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Additive genetic variance, heritability, and inbreeding depression in male extra-pair reproductive success


Reid, J M; Arcese, P; Sardell, R J; Keller, L F (2011). Additive genetic variance, heritability, and inbreeding depression in male extra-pair reproductive success. American Naturalist, 177(2):177-187.

Abstract

The hypothesis that female extra-pair reproduction in socially monogamous animals reflects indirect genetic benefits requires that there be additive and/or nonadditive genetic variance in fitness. However, the specific hypotheses that male extra-pair reproductive success (EPRS) shows additive genetic variance (VA), heritability (h(2)), or inbreeding depression, and hence that females could acquire indirect genetic benefits through increased EPRS of sons, have not been explicitly tested. We used comprehensive genetic pedigree data from song sparrows (Melospiza melodia) to estimate V(A), h(2), and inbreeding depression in the number of extra-pair offspring a male sired per year and the probability that a male would sire any extra-pair offspring per year. Inbreeding depression was substantial: more inbred males sired fewer extra-pair offspring and were less likely to sire any extra-pair offspring. In contrast, estimates of V(A) and h(2) were close to 0, although 95% credible intervals were relatively wide. These data suggest that females could accrue indirect genetic benefits, in terms of increased EPRS of outbred sons, by mating with unrelated social or extra-pair mates. In contrast, any indirect benefit of extra-pair reproduction in terms of producing sons with high additive genetic value for EPRS is most likely to be small.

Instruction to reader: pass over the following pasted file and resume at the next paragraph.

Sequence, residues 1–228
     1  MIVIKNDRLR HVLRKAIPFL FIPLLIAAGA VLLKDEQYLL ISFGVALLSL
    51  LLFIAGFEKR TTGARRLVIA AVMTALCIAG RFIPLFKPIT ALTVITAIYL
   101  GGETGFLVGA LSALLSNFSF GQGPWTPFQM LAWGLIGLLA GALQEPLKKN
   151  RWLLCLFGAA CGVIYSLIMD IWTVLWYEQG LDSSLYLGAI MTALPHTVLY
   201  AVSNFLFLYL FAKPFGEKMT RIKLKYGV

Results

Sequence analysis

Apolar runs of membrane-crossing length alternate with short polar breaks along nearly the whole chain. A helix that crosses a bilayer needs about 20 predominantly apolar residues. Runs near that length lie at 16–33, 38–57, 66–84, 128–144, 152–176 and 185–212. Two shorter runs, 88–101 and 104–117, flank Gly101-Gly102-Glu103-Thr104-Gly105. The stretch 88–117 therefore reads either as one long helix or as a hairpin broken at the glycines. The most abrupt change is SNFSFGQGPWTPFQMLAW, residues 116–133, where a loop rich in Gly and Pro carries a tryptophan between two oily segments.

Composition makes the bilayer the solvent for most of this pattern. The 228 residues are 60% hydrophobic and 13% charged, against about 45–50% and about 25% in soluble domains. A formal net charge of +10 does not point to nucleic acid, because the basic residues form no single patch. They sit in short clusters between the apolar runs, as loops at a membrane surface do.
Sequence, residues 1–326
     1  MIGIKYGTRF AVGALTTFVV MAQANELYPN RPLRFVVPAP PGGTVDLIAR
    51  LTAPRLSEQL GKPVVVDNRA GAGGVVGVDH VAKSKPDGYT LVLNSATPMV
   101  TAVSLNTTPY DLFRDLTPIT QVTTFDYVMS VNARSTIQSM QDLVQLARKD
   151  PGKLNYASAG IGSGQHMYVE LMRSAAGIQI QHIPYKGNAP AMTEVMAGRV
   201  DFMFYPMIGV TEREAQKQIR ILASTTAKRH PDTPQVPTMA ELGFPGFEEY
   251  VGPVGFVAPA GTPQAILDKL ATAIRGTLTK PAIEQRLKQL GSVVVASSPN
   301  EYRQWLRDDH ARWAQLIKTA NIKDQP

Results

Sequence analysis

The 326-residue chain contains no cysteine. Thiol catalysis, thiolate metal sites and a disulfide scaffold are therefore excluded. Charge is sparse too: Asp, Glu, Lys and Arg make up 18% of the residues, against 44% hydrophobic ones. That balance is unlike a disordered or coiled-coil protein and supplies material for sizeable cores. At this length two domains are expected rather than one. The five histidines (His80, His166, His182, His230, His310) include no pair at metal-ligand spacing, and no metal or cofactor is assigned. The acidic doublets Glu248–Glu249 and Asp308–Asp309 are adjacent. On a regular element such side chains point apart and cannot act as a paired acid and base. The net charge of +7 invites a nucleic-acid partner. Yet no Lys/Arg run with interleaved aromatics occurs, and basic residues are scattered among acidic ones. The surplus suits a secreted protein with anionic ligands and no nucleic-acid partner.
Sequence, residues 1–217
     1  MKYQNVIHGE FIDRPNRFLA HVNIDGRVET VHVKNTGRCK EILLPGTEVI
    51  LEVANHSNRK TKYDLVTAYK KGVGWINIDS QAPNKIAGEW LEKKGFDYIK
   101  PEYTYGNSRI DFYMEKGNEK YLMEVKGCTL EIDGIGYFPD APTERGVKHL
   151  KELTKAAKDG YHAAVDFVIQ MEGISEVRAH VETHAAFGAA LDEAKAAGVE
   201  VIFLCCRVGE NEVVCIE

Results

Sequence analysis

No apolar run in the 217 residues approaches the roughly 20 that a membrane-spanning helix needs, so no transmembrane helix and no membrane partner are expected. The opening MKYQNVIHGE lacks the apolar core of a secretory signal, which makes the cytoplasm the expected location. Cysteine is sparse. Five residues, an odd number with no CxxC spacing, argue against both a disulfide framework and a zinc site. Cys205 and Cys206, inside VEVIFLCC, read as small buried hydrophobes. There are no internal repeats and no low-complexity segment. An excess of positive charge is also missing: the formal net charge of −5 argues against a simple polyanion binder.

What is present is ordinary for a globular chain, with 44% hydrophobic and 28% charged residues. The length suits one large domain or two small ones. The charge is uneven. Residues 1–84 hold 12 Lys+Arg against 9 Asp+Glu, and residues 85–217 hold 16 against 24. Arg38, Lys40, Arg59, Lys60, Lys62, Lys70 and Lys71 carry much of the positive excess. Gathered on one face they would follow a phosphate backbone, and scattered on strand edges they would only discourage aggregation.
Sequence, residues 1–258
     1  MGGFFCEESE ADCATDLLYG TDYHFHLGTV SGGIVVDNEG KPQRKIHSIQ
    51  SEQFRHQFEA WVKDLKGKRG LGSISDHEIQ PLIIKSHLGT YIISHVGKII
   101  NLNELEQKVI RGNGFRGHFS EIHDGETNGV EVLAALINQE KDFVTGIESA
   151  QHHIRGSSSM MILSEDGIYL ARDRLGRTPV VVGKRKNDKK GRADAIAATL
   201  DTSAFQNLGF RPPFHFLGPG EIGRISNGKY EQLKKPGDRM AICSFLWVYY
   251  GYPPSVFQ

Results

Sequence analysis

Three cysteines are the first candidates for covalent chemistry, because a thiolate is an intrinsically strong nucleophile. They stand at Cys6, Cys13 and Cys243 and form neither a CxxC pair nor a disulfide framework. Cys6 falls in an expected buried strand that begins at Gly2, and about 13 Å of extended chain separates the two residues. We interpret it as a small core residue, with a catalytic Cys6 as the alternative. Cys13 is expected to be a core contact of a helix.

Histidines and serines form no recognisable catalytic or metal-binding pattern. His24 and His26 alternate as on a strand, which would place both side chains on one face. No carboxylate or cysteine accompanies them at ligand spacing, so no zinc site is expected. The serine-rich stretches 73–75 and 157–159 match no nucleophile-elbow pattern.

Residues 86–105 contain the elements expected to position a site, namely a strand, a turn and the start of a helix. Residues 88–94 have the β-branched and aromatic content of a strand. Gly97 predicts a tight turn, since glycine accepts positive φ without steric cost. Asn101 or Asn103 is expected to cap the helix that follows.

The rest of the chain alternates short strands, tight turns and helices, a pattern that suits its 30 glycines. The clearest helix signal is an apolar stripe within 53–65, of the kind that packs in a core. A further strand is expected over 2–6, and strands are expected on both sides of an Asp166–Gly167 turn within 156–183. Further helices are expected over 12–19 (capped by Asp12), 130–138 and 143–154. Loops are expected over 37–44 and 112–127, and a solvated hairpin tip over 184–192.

Abstract

The hypothesis that female extra-pair reproduction in socially monogamous animals reflects indirect genetic benefits requires that there be additive and/or nonadditive genetic variance in fitness. However, the specific hypotheses that male extra-pair reproductive success (EPRS) shows additive genetic variance (VA), heritability (h(2)), or inbreeding depression, and hence that females could acquire indirect genetic benefits through increased EPRS of sons, have not been explicitly tested. We used comprehensive genetic pedigree data from song sparrows (Melospiza melodia) to estimate V(A), h(2), and inbreeding depression in the number of extra-pair offspring a male sired per year and the probability that a male would sire any extra-pair offspring per year. Inbreeding depression was substantial: more inbred males sired fewer extra-pair offspring and were less likely to sire any extra-pair offspring. In contrast, estimates of V(A) and h(2) were close to 0, although 95% credible intervals were relatively wide. These data suggest that females could accrue indirect genetic benefits, in terms of increased EPRS of outbred sons, by mating with unrelated social or extra-pair mates. In contrast, any indirect benefit of extra-pair reproduction in terms of producing sons with high additive genetic value for EPRS is most likely to be small.

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Additional indexing

Item Type:Journal Article, refereed, original work
Communities & Collections:07 Faculty of Science > Institute of Evolutionary Biology and Environmental Studies
Dewey Decimal Classification:570 Life sciences; biology
590 Animals (Zoology)
Language:English
Date:2011
Deposited On:18 Nov 2011 09:55
Last Modified:21 Nov 2017 15:32
Publisher:University of Chicago Press
ISSN:0003-0147
Publisher DOI:https://doi.org/10.1086/657977
Other Identification Number:ISI:000286789700003

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